Note: The Greeks used three different orders, easy to distinguish, Doric, Ionic, and Corinthian. The Romans added the Tuscan, and changed the Doric so that it is hardly recognizable, and also used a modified Corinthian called Composite. The Renaissance writers on architecture recognized five orders as orthodox or classical, -- Doric (the Roman sort), Ionic, Tuscan, Corinthian, and Composite. See Illust. of {Capital}. [1913 Webster]

12. (Nat. Hist.) An assemblage of genera having certain important characters in common; as, the Carnivora and Insectivora are orders of Mammalia. [1913 Webster]

Note: The Linn[ae]an artificial orders of plants rested mainly on identity in the numer of pistils, or agreement in some one character. Natural orders are groups of genera agreeing in the fundamental plan of their flowers and fruit. A natural order is usually (in botany) equivalent to a family, and may include several tribes. [1913 Webster]

13. (Rhet.) The placing of words and members in a sentence in such a manner as to contribute to force and beauty or clearness of expression. [1913 Webster]

14. (Math.) Rank; degree; thus, the order of a curve or surface is the same as the degree of its equation. [1913 Webster]

{Artificial order} or {Artificial system}. See {Artificial classification}, under {Artificial}, and Note to def. 12 above.

{Close order} (Mil.), the arrangement of the ranks with a distance of about half a pace between them; with a distance of about three yards the ranks are in {open order}.

{The four Orders}, {The Orders four}, the four orders of mendicant friars. See {Friar}. --Chaucer.

{General orders} (Mil.), orders issued which concern the whole command, or the troops generally, in distinction from {special orders}.

{Holy orders}. (a) (Eccl.) The different grades of the Christian ministry; ordination to the ministry. See def. 10 above. (b) (R. C. Ch.) A sacrament for the purpose of conferring a special grace on those ordained.

{In order to}, for the purpose of; to the end; as means to.

The best knowledge is that which is of greatest use in order to our eternal happiness. --Tillotson.

{Minor orders} (R. C. Ch.), orders beneath the diaconate in sacramental dignity, as acolyte, exorcist, reader, doorkeeper.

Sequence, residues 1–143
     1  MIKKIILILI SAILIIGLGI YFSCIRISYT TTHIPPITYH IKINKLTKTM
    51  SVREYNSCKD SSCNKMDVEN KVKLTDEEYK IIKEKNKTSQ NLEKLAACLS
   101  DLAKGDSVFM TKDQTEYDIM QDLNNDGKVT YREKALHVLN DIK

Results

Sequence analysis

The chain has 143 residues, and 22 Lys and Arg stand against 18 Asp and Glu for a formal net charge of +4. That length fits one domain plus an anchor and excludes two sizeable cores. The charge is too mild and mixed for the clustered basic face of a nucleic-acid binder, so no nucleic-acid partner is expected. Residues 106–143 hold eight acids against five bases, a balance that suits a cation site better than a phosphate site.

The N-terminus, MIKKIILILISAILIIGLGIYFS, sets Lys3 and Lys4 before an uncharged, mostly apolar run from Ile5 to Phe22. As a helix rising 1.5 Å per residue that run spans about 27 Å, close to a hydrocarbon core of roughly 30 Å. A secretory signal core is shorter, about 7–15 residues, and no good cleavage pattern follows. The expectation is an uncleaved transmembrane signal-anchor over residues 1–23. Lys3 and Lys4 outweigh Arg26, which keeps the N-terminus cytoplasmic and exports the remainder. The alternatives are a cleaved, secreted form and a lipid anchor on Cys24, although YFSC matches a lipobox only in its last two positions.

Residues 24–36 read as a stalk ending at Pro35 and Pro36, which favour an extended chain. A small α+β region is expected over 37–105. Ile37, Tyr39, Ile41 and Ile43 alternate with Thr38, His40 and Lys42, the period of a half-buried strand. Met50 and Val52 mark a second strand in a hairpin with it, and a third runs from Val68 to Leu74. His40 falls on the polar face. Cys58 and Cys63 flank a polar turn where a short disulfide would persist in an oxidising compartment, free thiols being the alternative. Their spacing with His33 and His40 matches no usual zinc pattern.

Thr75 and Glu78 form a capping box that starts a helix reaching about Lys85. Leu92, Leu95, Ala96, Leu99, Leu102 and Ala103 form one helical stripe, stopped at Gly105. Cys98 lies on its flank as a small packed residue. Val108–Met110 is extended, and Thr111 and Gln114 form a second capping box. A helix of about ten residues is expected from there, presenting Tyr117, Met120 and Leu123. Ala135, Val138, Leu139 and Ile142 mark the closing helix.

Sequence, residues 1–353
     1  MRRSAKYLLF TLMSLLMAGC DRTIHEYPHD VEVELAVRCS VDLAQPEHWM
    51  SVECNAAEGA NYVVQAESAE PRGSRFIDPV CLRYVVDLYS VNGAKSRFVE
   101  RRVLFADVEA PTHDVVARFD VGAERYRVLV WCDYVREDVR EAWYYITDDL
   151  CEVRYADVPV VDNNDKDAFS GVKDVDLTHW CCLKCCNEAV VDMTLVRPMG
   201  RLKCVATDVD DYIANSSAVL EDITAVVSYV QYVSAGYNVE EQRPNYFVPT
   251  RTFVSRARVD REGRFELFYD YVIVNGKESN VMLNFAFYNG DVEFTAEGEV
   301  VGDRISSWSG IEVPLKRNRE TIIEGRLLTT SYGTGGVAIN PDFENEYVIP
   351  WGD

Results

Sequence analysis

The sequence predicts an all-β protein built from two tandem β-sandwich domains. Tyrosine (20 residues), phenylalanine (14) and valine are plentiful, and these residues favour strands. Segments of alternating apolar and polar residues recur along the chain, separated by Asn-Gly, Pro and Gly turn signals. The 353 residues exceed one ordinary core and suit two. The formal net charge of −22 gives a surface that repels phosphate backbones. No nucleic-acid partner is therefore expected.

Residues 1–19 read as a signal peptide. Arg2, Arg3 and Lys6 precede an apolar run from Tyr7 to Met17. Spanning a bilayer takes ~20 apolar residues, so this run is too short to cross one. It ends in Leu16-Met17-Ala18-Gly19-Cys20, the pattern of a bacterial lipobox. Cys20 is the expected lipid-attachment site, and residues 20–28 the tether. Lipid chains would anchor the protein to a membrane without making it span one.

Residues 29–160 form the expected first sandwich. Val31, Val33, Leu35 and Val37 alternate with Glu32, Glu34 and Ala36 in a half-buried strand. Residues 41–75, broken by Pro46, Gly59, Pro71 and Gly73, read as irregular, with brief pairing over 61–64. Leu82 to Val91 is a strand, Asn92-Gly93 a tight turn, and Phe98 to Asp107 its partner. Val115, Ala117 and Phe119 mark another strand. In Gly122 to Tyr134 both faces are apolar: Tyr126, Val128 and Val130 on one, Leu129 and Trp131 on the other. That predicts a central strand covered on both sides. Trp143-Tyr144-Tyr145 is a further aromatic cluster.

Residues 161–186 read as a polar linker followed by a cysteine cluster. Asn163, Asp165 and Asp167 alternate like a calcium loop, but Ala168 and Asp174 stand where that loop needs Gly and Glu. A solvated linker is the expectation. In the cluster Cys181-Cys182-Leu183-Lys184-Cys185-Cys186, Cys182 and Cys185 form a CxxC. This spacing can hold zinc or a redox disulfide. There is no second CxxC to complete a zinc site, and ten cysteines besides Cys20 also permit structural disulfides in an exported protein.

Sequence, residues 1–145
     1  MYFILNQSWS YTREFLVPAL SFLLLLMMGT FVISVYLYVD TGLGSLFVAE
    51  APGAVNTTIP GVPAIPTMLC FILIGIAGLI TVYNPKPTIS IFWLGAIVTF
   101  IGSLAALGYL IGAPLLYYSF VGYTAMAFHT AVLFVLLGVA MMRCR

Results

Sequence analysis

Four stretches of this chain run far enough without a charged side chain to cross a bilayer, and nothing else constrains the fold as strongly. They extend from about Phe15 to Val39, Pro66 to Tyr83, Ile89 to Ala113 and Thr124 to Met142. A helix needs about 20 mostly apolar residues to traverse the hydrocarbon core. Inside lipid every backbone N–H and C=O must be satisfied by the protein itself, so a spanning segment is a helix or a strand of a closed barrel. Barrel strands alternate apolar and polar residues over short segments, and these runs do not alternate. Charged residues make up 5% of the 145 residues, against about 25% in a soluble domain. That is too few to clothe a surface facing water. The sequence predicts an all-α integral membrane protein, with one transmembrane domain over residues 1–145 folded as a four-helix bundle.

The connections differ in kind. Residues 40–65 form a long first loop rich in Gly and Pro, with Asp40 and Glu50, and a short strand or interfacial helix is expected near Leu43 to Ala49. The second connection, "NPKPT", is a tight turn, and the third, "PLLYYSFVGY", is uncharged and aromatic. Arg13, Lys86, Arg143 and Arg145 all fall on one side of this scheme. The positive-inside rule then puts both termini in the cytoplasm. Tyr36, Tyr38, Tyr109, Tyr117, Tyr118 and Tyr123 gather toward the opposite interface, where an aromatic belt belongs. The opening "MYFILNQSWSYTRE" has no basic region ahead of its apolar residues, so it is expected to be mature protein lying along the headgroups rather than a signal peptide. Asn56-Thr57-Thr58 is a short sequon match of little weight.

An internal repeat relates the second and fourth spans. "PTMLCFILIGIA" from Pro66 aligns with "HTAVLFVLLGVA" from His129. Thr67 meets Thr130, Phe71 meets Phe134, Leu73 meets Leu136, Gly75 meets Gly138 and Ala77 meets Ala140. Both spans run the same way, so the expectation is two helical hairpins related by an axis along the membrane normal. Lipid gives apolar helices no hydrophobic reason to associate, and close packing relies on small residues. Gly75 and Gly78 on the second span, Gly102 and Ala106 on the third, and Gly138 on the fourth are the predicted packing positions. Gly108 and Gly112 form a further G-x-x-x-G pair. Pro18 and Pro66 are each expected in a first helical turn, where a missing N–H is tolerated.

{Money order}. See under {Money}.

{Natural order}. (Bot.) See def. 12, Note.

{Order book}. (a) A merchant's book in which orders are entered. (b) (Mil.) A book kept at headquarters, in which all orders are recorded for the information of officers and men. (c) A book in the House of Commons in which proposed orders must be entered. [Eng.]

{Order in Council}, a royal order issued with and by the advice of the Privy Council. [Great Britain]

{Order of battle} (Mil.), the particular disposition given to the troops of an army on the field of battle.

{Order of the day}, in legislative bodies, the special business appointed for a specified day.

{Order of a differential equation} (Math.), the greatest index of differentiation in the equation.

{Sailing orders} (Naut.), the final instructions given to the commander of a ship of war before a cruise.

{Sealed orders}, orders sealed, and not to be opened until a certain time, or arrival at a certain place, as after a ship is at sea.

{Standing order}. (a) A continuing regulation for the conduct of parliamentary business. (b) (Mil.) An order not subject to change by an officer temporarily in command.

{To give order}, to give command or directions. --Shak.

{To take order for}, to take charge of; to make arrangements concerning. [1913 Webster]

Whiles I take order for mine own affairs. --Shak. [1913 Webster]

Syn: Arrangement; management. See {Direction}. [1913 Webster]


The Collaborative International Dictionary of English. 2000.

Look at other dictionaries: